Green calls for tougher sentences
Campaign: Danny Green. Picture: Michael Wilson/The West Australian

Boxing champion Danny Green wants tougher local penalties for fatal one-punch assaults, after NSW last week promised the country's harshest punishment for the crime.

WA Attorney-General Michael Mischin said yesterday he would consider Green's call for WA to extend the sentence from its maximum of 10 years.

NSW last week upped the ante with a 25-year maximum jail term where drugs and alcohol were involved, or 20 years without, after the fatal one-punch assault of teenager Daniel Christie in Kings Cross. He died on January 11.

Green, who is running a campaign to stop the street violence, said WA's penalties were weak.

"I think penalties are way too soft and should well and truly reflect the severity of the crime, especially where an innocent person dies from an unprovoked attack," he said.


"Judges need to step up and place a higher value on an innocent life when delivering sentences."

Green praised NSW Premier Barry O'Farrell for his policies to stamp out alcohol-fuelled violence, including banning alcohol sales at city and Kings Cross bars after 3am.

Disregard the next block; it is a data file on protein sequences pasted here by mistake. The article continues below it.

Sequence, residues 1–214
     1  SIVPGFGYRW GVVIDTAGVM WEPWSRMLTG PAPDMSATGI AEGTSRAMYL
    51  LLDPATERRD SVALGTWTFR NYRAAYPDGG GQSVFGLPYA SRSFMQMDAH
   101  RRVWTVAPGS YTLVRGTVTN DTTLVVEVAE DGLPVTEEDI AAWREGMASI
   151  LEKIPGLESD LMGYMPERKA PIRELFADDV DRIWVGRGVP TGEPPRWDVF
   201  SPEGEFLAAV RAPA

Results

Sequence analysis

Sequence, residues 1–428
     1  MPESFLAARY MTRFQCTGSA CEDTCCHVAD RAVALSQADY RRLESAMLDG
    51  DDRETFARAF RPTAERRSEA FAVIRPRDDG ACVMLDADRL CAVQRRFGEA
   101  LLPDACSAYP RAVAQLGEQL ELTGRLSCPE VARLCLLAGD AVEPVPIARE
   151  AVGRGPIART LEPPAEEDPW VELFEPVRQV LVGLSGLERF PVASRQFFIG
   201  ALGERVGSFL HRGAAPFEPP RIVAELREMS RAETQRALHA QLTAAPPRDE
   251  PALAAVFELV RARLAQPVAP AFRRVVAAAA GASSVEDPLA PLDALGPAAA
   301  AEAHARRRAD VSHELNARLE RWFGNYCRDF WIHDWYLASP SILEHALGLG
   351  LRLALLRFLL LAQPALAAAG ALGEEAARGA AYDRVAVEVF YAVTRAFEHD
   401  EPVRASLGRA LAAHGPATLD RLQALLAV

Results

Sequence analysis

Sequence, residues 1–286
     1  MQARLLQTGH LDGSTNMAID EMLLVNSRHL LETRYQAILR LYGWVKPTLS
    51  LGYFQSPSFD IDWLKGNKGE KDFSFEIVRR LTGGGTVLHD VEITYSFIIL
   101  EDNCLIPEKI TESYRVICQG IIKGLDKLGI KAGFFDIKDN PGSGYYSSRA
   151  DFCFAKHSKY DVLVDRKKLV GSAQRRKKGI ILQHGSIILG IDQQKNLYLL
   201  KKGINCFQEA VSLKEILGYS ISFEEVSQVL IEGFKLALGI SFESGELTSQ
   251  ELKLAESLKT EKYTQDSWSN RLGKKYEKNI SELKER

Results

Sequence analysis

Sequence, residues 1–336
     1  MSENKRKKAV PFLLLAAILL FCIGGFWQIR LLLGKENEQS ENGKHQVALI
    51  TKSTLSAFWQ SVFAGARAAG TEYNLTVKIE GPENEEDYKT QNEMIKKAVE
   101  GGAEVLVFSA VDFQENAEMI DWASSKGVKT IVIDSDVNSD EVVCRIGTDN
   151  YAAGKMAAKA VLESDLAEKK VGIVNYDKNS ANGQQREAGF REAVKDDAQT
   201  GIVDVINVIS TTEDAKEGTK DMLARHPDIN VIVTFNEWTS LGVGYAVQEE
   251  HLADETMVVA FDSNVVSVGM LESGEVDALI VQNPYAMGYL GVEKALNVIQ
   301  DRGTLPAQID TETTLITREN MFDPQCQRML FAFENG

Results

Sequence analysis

Mr Mischin said the one-punch homicide offence was introduced in 2008 to punish cases where the assault led to death, but the death could not be proved to be other than accidental.

"I am not ruling out the prospect of increasing the penalty for accidentally causing death," he said.

"But I would need to be persuaded that the penalties being imposed by the courts are disproportionately low having regard to the criminality involved in particular cases."

Green wants the WA Government to impose a minimum sentence on the crime as promised in NSW, where perpetrators must serve at least eight years.

He said he was concerned "clever lawyers" could help perpetrators escape proper penalty.

But Mr Mischin was "less inclined" to seek minimum terms because assaults involved varying levels of moral culpability.

The West Australian

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